Something is About to Happen

Thirty-third Week of Ordinary Time
1 Samuel 2.1-10
Mark 13.1-8

Something is about to happen. That’s the word this week. And it starts with Hannah. An ancient Israelite, Hannah was married, but according to the scriptures, was unable to have children. The text tells us that her husband loved her, and was especially devoted to her. And yet while her future was secure, her heart was broken. She could not bear a child, and she was tormented, belittled and broken. In the story, she calls out to God, pours out her heart and desire for a child. God hears her. She becomes pregnant. And Hannah sings:

My heart exults in the LORD; my strength is exalted in my God. There is no Holy One like the LORD…there is no Rock like our God…the bows of the mighty are broken, but the feeble gird on strength. Those who were full have hired themselves out for bread, but those who were hungry are fat with spoil…The LORD…raises up the poor from the dust; he lifts the needy from the ash heap, to make them sit with princes and inherit a seat of honor. For the pillars of the earth are the Lord’s, and on them he has set the world.

Hannah takes what God is doing in her and sees the deepest of truths: if God has rescued me from barrenness, then anything is possible. Might and power will no longer count for everything. The rich will be brought low. The hungry will eat their fill. Something is about to happen. Read more

Solomon: Unedited and Uncut

Thirteenth Sunday After Pentecost
1 Kings 2.10-12, 3.3-14

And the Academy Award for Selective Biblical Editing goes to…the architects behind today’s assigned reading from 1 Kings! The lectionary for this Sunday instructs us to read three spare verses of chapter two, followed by twelve more carefully curated verses from chapter three. From these selections, we are introduced to young King Solomon as son of David, builder of the great Jerusalem Temple, and the very embodiment of wisdom, as evidenced by his prudent, faithful, and selfless prayer in chapter three: “Give your servant therefore an understanding mind to govern your people, able to discern between good and evil; for who can govern this your great people?” Pleased by Solomon’s request for wisdom, God responds with this promise to seal the deal: Because you have asked this… I now do according to your word. Indeed I give you a wise and discerning mind; no one like you has been before you and no one like you shall arise after you. (1 Kings 3.11-12) Read more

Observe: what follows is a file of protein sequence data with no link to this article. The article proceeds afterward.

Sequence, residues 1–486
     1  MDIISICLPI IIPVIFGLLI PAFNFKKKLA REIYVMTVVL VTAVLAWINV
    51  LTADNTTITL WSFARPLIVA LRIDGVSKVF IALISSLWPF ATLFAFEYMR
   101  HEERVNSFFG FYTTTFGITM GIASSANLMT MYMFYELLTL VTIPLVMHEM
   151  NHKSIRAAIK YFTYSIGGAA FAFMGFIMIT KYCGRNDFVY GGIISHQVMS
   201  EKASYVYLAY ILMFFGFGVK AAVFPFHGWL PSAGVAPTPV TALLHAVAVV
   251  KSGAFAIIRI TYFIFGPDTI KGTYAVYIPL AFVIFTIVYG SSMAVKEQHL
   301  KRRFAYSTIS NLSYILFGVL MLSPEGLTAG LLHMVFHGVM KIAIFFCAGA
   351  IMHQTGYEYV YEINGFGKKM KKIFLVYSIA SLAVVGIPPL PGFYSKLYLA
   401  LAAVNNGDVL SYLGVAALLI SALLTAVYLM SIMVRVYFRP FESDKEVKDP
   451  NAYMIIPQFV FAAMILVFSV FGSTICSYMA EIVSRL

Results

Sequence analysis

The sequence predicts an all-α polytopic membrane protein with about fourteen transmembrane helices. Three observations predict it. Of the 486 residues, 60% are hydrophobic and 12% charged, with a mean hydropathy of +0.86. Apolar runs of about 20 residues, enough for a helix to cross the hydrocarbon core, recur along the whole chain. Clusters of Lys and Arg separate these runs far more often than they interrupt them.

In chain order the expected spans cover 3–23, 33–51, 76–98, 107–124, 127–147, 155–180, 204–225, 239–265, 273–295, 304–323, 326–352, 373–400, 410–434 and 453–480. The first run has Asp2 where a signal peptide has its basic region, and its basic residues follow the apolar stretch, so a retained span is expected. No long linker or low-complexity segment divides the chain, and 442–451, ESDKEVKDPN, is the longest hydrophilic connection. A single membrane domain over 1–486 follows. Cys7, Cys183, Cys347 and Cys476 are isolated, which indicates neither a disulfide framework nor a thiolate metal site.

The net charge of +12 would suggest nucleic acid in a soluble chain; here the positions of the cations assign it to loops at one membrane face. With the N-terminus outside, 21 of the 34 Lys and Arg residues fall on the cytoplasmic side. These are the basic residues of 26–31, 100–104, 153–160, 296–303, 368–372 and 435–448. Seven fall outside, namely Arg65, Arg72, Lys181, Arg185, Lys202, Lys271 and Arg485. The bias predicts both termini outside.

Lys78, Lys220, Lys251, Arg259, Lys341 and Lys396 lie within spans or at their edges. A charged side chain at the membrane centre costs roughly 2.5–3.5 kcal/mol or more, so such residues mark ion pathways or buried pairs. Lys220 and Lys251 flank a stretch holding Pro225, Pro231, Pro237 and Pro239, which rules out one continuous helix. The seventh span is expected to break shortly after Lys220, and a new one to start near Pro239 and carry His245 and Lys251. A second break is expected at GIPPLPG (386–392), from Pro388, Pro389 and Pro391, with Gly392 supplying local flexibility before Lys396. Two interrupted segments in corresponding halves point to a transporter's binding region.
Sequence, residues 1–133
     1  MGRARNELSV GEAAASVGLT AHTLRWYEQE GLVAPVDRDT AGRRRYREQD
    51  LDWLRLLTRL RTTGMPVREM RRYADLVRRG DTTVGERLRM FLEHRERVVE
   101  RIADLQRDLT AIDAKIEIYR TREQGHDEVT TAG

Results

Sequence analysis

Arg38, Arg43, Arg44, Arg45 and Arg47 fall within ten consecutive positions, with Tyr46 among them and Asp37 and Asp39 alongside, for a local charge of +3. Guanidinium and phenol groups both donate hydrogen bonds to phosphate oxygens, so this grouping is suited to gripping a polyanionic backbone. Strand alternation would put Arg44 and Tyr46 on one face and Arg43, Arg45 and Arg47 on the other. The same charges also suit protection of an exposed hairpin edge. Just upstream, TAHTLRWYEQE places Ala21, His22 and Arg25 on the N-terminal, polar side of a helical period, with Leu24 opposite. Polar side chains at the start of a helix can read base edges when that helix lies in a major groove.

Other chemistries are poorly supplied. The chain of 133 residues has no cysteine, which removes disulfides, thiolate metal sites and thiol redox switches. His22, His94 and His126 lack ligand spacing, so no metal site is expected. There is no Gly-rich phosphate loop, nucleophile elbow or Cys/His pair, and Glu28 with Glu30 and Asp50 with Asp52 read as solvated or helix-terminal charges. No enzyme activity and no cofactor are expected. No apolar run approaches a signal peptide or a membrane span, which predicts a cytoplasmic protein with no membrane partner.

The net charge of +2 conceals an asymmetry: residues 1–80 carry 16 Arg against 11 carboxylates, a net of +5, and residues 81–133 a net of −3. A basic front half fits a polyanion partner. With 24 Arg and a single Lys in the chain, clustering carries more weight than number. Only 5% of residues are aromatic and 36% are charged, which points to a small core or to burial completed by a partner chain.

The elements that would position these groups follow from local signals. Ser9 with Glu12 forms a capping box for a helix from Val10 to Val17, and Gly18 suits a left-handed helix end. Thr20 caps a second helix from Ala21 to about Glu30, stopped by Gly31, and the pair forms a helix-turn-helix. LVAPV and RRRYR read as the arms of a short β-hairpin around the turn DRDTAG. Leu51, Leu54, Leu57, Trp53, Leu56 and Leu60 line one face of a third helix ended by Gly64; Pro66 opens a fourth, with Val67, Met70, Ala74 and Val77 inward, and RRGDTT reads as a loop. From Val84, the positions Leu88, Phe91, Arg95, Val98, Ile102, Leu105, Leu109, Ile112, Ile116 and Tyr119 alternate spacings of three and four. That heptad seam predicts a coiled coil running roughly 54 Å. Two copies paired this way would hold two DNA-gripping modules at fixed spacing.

Not As You Suppose

Pentecost
Acts 2.1-21

One Friday night I was working late at church, when a young boy wandered in among the pews. He was there for a Scout dinner in the other room, but excited to see the sanctuary doors open, he ducked in to have a look. I invited him on in, along with his mom. They were hushed and reverent as they gazed around, but I did manage to overhear his parting words. Looking at the wall at the front of the sanctuary, he pointed to the cross hanging there and said with grave solemnity and great awe, “Look! They have a giant lowercase t.” Read more

Human Things and Divine Things

Second Sunday of Lent

If you’re reading this blog in preparation to preach this Sunday, then maybe you’re asking the same question I found myself asking this week: How many more of these sermons will we write? There was the Orlando sermon. And the Las Vegas sermon. The Charleston sermon and the Texas sermon. The Newtown sermon. And if you’ve been at this preaching thing long enough, there were the Virginia Tech and Columbine sermons too. And here we are again, in a sickeningly familiar cycle, wondering what to say this time in the Parkland, Florida sermon. Read more

Time and Mortality

Second Sunday of Advent
Isaiah 40.1-11
As I sat down to read through the scriptures for this second Sunday of Advent, I noticed something in the text from Isaiah that I most assuredly missed every other time I had ever read this passage. For right after those tender words of comfort that Handel chose for his Messiah—and those stirring words about mountains and valleys that Martin had in his dream—are these words that startled me this week:

All people are grass, their constancy is like the flower of the field. The grass withers, the flower fades, when the breath of the LORD blows upon it; surely the people are grass. The grass withers, the flower fades; but the word of our God will stand forever (Isaiah 40.6b-8, NRSV)

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